The in vivo activity of phosphate-activated glutaminase (PAG) was measured in the brain of hyperammonaemic rat by 15N n.m.r. Brain glutamine was 15N-enriched by intravenous infusion of 15NH4+ until the concentration of [5-15N]glutamine reached 6.1 mumol/g. Further glutamine synthesis was inhibited by intraperitoneal injection of methionine-DL-sulphoximine, an inhibitor of glutamine synthetase, and the infusate was changed to 14NH4+ during observation of decrease in brain [5-15N]glutamine due to PAG and other glutamine utilization pathways. Progressive decrease in brain [5-15N]glutamine, PAG-catalysed production of 15NH4+ and its subsequent assimilation into glutamate by glutamate dehydrogenase were monitored in vivo by 15N n.m.r. Brain [5-15N]glutamine (15N enrichment of 0.35-0.50) decreased at a rate of 1.2 mumol/h per g of brain. The in vivo PAG activity, determined from the observed rate and the quantity of 15NH4+ produced and subsequently assimilated into glutamate and aspartate, was 0.9-1.3 mumol/h per g. This activity is less than 1.1% of the reported activity in vitro measured in rat brain homogenate at a 10 mM concentration of the activator Pi. Inhibition by ammonia (brain level 1.4 mumol/g) alone does not account for the observed low activity in vivo. The result strongly suggests that, in intact brain, PAG activity is maintained at a low level by a suboptimal in situ concentration of Pi and the strong inhibitory effect of glutamate. The observed PAG activity in vivo is lower than the reported in vivo activity of glutamate decarboxylase which converts glutamate into gamma-aminobutyrate (GABA). The result suggests that PAG-catalysed hydrolysis of glutamine is not the sole provider of glutamate used for GABA synthesis.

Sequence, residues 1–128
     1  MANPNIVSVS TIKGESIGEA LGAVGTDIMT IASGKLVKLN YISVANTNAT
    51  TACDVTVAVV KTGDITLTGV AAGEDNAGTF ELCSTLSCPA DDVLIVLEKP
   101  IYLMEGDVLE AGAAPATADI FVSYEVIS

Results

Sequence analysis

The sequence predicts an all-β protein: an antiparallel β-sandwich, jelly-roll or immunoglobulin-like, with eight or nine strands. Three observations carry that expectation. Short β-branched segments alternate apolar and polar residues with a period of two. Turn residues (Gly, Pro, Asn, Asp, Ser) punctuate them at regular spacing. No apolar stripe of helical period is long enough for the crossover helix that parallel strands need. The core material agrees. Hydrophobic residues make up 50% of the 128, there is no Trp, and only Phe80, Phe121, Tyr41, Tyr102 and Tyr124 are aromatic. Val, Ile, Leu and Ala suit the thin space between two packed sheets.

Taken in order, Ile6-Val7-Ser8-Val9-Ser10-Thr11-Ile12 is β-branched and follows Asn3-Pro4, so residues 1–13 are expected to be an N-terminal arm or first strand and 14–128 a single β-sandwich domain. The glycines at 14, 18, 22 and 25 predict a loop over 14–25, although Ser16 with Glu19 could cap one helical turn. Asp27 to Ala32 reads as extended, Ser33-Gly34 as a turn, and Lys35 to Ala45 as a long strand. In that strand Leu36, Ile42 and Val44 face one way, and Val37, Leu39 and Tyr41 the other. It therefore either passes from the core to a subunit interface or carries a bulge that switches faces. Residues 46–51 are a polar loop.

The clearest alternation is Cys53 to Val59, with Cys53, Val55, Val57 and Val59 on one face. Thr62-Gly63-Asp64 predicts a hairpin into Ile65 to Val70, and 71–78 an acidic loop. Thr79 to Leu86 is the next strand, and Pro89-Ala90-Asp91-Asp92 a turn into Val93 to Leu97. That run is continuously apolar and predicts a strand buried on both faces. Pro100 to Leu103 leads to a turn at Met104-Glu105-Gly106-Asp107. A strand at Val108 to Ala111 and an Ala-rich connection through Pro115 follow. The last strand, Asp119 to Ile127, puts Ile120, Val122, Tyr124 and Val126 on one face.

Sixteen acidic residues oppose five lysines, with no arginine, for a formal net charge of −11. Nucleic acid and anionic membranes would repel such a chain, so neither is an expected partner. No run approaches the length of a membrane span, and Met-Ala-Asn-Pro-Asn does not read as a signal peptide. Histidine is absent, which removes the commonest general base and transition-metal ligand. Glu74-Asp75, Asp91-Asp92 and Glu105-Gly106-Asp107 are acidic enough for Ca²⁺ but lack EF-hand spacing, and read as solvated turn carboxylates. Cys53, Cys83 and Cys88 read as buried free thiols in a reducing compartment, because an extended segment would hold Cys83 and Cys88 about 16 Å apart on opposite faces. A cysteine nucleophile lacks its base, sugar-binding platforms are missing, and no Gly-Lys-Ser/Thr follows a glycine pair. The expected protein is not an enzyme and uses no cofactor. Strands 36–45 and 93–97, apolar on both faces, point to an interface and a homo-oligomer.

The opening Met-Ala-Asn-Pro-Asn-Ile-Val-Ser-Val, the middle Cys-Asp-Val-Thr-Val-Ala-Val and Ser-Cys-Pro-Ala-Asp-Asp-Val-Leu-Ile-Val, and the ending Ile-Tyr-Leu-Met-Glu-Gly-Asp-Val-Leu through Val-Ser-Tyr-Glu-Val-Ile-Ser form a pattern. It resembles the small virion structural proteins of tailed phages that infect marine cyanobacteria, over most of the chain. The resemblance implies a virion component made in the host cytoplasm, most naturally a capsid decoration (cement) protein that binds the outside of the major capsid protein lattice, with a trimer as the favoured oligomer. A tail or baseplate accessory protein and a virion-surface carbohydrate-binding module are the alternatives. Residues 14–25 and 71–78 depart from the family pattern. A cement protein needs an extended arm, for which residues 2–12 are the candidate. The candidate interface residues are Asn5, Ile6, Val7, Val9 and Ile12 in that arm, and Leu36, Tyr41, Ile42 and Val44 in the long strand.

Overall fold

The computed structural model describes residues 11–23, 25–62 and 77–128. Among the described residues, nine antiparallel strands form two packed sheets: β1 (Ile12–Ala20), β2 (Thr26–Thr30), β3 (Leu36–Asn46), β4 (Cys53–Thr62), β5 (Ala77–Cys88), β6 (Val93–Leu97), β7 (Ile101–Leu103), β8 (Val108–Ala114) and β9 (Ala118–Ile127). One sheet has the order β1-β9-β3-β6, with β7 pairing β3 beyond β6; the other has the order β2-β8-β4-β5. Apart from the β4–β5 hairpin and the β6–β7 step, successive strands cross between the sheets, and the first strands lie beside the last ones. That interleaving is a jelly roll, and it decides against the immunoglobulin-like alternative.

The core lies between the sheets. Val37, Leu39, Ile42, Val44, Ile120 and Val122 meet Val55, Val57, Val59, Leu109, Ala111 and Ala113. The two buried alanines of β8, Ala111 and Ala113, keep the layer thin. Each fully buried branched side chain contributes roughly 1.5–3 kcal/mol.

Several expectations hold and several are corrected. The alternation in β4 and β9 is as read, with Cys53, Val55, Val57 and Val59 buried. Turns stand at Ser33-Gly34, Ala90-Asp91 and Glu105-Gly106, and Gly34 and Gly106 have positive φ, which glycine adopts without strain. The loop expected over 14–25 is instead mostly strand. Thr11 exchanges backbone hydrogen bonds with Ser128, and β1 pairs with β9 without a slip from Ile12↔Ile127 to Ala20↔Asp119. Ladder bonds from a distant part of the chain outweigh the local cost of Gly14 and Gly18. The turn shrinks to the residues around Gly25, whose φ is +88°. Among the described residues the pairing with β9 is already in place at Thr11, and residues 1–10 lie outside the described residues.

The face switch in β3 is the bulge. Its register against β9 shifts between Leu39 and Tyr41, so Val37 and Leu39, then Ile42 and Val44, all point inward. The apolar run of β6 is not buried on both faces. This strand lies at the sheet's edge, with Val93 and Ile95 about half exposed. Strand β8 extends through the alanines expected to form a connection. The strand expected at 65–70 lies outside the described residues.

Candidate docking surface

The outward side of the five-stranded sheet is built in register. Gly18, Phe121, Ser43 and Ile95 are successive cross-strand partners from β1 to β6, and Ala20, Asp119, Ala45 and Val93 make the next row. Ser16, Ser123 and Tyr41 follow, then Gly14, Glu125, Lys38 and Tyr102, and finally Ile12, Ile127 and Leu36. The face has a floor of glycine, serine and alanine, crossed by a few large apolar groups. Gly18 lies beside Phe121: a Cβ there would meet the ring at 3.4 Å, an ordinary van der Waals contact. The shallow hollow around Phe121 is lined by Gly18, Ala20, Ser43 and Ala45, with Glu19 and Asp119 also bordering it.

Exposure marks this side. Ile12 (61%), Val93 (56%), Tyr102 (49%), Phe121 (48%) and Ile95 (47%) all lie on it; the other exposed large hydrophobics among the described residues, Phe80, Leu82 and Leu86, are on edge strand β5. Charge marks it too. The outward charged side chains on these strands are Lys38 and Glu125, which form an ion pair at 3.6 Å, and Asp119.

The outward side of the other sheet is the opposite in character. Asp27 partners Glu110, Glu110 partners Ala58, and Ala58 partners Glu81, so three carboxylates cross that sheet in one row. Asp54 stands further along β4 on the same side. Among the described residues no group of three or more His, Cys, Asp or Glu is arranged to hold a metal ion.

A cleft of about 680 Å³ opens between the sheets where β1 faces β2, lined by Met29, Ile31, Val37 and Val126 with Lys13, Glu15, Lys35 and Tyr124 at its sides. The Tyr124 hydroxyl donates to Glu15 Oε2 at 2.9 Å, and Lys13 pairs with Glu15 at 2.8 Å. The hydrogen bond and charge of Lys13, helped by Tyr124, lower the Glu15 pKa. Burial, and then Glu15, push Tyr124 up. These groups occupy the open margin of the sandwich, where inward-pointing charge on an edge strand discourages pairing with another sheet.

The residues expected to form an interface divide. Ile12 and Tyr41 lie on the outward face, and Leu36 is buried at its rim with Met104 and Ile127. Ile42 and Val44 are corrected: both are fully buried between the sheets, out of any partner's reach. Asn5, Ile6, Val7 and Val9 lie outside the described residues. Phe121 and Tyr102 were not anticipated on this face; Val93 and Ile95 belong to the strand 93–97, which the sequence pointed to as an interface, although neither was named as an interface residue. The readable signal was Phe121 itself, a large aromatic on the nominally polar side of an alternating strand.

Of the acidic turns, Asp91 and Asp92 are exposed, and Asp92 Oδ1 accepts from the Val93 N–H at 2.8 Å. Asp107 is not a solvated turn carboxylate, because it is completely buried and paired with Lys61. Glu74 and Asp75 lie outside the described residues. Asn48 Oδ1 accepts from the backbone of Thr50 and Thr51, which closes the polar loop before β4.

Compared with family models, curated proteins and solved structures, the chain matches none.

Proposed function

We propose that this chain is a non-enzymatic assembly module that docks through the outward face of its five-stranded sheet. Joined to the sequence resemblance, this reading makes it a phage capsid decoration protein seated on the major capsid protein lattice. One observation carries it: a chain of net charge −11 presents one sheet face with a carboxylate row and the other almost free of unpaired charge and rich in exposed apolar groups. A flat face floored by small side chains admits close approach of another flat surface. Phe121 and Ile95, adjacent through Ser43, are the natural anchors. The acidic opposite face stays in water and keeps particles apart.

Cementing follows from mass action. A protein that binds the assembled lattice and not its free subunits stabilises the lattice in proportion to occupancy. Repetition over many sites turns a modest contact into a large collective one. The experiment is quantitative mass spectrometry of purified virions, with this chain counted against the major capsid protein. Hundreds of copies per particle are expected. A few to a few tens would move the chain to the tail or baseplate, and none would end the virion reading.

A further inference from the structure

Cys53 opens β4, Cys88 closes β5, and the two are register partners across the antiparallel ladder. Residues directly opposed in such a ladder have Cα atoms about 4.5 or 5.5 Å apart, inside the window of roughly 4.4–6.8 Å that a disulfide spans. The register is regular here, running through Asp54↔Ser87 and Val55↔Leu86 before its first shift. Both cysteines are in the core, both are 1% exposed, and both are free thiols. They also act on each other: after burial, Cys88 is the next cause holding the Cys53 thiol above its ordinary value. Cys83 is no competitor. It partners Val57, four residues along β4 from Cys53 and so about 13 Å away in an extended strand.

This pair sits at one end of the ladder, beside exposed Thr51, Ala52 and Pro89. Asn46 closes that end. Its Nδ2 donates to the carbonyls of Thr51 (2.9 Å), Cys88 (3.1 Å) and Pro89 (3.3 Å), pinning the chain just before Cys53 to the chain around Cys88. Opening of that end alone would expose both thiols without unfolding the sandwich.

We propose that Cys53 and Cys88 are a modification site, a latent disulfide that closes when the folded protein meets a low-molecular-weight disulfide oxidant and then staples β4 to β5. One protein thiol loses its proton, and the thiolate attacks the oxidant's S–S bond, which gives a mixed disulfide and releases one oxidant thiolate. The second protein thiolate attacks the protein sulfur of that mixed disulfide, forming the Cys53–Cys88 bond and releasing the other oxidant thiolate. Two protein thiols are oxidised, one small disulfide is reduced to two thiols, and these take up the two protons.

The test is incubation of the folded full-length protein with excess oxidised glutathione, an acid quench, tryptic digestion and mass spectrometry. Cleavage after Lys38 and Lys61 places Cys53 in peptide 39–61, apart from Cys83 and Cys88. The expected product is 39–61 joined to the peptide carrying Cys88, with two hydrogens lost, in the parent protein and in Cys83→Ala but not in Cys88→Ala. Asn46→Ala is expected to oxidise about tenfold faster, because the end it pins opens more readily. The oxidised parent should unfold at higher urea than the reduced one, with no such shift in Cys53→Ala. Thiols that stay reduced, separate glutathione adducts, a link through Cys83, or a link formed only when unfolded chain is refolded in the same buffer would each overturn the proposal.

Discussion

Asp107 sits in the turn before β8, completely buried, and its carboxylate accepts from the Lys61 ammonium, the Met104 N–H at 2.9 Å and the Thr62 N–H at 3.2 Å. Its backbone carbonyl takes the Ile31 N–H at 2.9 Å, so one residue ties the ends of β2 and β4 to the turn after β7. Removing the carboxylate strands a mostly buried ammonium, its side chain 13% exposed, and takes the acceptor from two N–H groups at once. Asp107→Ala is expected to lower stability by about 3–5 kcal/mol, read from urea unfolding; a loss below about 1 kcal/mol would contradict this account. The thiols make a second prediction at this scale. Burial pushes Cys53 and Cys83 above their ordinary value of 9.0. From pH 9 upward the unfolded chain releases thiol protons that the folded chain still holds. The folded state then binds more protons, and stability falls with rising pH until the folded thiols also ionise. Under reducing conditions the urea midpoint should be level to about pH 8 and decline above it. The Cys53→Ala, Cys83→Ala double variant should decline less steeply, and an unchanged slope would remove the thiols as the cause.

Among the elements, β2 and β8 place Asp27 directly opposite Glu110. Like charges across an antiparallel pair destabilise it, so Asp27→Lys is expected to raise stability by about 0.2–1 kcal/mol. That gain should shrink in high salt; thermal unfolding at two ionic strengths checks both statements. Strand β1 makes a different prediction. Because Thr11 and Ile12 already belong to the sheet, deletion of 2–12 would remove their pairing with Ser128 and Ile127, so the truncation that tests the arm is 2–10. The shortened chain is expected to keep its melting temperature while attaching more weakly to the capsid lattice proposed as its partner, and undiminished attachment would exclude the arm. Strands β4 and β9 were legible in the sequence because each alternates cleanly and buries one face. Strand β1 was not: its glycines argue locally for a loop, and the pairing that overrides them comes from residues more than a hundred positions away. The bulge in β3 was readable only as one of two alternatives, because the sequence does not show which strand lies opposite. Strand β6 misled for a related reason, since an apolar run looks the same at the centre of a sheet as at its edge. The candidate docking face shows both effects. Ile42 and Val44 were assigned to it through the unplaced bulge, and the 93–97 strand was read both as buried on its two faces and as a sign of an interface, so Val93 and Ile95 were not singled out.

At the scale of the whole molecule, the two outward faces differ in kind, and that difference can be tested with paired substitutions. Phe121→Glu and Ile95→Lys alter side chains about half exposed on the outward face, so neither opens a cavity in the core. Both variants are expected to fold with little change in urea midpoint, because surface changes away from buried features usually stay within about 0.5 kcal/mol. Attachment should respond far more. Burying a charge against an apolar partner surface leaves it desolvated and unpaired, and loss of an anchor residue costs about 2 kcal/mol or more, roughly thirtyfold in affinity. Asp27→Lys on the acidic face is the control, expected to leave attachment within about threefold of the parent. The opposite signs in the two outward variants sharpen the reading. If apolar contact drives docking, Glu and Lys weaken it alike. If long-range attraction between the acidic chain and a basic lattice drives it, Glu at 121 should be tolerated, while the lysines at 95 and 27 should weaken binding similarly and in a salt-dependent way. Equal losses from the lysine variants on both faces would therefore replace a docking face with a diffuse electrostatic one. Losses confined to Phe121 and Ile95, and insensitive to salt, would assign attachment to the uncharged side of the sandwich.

- © 1995 The Biochemical Society, London